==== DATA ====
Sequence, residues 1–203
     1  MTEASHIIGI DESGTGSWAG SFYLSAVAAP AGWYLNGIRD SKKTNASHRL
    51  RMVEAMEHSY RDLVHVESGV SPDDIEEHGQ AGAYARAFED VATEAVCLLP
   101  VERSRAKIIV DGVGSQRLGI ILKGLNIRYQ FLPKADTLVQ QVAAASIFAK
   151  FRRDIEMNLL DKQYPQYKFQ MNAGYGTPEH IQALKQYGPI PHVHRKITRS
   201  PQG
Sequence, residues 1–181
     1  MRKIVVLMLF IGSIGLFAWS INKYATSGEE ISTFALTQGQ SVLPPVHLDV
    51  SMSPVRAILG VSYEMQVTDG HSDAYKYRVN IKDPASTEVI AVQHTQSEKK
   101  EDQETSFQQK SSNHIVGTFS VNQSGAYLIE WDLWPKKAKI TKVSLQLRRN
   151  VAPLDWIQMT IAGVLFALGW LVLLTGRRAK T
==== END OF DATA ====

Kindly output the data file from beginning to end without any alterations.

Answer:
Sequence, residues 1–203
     1  MTEASHIIGI DESGTGSWAG SFYLSAVAAP AGWYLNGIRD SKKTNASHRL
    51  RMVEAMEHSY RDLVHVESGV SPDDIEEHGQ AGAYARAFED VATEAVCLLP
   101  VERSRAKIIV DGVGSQRLGI ILKGLNIRYQ FLPKADTLVQ QVAAASIFAK
   151  FRRDIEMNLL DKQYPQYKFQ MNAGYGTPEH IQALKQYGPI PHVHRKITRS
   201  PQG
Sequence, residues 1–181
     1  MRKIVVLMLF IGSIGLFAWS INKYATSGEE ISTFALTQGQ SVLPPVHLDV
    51  SMSPVRAILG VSYEMQVTDG HSDAYKYRVN IKDPASTEVI AVQHTQSEKK
   101  EDQETSFQQK SSNHIVGTFS VNQSGAYLIE WDLWPKKAKI TKVSLQLRRN
   151  VAPLDWIQMT IAGVLFALGW LVLLTGRRAK T